Starting on Monday people in Finland wishing to travel to Estonia will need to fulfil heightened Covid-related requirements.
Due to Finland's recent uptick in new Covid cases, Estonia elevated Finland to the 'amber' level from its previous 'green' status on its traffic light travel model.
The new assessment means that, going forward, travellers from Finland arriving in Estonia will need to show a certificate of recovery from a Covid infection, proof of being fully vaccinated against the disease or documentation proving a negative coronavirus test result.
Under normal circumstances leisure travel between the two countries is usually busiest at this time of year.
However, due to the continuing pandemic, passenger traffic is so minimal that the new hurdles will not likely affect the number of people travelling, according to Ida Toikka-Everi, the marketing and communications director at ferry firm Eckerö Line.
"For the past year-and-a-half, passenger traffic between Finland and Estonia has been very minimal. However, travel is still possible and reasonably straightforward," she said, adding that the new rules could delay entry into the country to some extent.
Quick tests available aboard some ships
Some ferries offer quick Covid testing services, but they are not free-of-charge. Travellers under the age of 12 are not required to show proof of a negative Covid test in order to enter Estonia, however.
The changes may come as a surprise to passengers who reserved their tickets in advance.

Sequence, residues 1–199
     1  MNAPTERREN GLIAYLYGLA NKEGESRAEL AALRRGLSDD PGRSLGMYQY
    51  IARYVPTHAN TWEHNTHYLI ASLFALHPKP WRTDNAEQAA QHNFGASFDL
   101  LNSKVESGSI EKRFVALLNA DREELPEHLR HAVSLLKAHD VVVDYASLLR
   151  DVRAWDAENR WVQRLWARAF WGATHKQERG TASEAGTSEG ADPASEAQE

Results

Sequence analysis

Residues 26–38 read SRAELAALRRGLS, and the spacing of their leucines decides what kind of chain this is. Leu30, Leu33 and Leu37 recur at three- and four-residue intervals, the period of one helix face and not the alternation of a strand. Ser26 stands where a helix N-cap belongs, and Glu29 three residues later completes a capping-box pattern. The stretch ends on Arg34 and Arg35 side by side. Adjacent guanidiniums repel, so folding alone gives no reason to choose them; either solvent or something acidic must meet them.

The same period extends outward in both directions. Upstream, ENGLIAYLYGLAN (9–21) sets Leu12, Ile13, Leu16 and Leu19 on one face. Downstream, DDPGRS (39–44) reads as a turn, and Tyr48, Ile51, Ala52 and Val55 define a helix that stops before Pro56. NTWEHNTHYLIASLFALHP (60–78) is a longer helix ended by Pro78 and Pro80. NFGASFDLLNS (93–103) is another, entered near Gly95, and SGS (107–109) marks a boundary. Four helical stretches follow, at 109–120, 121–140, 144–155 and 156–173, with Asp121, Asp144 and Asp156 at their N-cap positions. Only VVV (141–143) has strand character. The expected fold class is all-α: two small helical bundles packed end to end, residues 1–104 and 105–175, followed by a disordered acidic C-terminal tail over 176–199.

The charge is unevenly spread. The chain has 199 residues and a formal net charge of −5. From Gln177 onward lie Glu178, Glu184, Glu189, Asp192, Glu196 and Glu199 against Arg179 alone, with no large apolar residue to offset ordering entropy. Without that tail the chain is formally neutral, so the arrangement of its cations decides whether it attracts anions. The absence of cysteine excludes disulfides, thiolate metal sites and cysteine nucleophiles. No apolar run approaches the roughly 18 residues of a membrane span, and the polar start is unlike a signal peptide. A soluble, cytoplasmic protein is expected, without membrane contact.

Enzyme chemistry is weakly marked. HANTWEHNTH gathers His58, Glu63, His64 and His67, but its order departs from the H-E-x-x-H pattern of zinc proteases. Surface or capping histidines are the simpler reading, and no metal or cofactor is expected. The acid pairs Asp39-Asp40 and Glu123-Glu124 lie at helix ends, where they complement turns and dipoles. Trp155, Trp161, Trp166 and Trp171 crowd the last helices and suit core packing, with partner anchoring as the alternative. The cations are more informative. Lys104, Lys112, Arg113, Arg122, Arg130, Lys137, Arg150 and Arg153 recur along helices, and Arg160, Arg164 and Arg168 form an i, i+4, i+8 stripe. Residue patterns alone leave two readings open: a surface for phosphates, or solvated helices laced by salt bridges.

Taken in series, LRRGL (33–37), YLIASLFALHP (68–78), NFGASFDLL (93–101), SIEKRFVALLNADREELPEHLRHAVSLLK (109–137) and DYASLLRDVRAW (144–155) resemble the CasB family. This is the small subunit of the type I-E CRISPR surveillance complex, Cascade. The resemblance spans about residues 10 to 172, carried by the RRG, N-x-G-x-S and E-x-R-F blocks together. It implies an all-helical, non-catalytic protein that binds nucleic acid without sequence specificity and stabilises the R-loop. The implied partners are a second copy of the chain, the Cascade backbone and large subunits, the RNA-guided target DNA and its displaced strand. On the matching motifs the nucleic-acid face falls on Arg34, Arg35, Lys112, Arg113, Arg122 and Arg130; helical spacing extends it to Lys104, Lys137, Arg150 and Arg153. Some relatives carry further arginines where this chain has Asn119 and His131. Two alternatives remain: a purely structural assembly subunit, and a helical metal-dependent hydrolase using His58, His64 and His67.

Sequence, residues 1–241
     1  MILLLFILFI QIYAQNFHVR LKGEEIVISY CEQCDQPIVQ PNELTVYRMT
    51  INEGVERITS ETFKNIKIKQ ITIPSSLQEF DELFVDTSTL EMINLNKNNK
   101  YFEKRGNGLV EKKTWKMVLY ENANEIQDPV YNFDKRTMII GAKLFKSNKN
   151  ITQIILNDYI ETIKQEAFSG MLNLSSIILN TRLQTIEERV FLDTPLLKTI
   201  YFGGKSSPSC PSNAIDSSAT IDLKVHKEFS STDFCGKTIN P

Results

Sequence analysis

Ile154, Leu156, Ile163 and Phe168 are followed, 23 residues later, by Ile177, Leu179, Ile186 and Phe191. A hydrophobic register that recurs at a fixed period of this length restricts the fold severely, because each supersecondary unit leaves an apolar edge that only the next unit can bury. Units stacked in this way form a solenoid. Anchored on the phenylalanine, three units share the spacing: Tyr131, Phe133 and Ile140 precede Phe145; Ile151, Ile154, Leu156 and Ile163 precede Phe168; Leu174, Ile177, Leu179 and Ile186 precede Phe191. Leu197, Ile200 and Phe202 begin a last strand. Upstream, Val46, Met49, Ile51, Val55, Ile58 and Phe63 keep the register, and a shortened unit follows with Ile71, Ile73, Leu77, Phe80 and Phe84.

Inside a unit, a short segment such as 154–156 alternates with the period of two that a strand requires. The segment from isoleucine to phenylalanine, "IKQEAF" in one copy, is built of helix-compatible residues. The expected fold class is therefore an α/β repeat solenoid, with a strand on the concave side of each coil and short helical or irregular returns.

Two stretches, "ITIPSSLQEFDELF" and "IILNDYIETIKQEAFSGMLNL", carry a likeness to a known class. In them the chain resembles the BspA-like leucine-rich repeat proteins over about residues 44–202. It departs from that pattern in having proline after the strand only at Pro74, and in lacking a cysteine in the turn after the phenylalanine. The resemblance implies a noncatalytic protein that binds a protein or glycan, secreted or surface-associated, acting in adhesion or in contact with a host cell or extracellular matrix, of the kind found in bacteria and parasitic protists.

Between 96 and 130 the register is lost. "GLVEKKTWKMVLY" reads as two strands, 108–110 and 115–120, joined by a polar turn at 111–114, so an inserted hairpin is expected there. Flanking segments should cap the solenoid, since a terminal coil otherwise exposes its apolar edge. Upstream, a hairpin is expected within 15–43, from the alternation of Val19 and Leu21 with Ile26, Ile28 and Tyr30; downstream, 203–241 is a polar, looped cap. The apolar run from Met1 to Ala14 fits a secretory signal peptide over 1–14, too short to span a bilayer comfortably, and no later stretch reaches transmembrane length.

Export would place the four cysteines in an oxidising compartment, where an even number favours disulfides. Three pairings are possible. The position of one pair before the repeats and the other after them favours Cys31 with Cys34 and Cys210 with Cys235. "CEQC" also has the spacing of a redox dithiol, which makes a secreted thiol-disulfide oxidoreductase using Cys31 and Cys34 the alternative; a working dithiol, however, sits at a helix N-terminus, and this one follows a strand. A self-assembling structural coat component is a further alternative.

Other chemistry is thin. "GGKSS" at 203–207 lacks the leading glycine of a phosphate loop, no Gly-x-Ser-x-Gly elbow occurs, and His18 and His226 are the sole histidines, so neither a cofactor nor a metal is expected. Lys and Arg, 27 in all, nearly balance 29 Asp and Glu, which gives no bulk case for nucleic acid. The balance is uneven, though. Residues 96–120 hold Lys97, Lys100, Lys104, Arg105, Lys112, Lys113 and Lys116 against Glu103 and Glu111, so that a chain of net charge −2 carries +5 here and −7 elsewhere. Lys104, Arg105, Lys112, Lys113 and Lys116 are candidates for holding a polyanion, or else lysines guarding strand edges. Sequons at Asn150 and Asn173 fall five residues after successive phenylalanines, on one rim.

Ferry company Tallink Silja's communications specialist, Armi Kailio, said the firm hopes that passengers will find out what sort of documents are needed to travel ahead of their departures.
"Of course we update the information on our website and also inform passengers on board our ships," she explained.
"Follow the rules"
Meanwhile, Eckerö Line has called on passengers' personal responsibility.
Eckerö's Toikka-Everi said that learning that a passenger has tested positive for Covid while aboard the ship can be problematic.
"It can be difficult to transport a Covid-positive passenger. Everyone is definitely encouraged to ensure they are healthy when they depart. People need to take responsibility for their health and actions," she said.
"It's always the passenger's responsibility to familiarise themselves with — and follow — the instructions and rules," Toikka-Everi added.
Neither of the two ferry firms' representatives said they think the new restrictions would result in a flurry of cancellations, however.
Tallink Silja has reported there were no more cancellations than usual over the weekend and that there were no plans to suspend scheduled routes between the Baltic Sea neighbours.
As of Sunday, Finland's coronavirus infection rate stood at around 130 out of 100,000 residents over the past two weeks, while Estonia was at around 138, according to the World Health Organization's (WHO) database.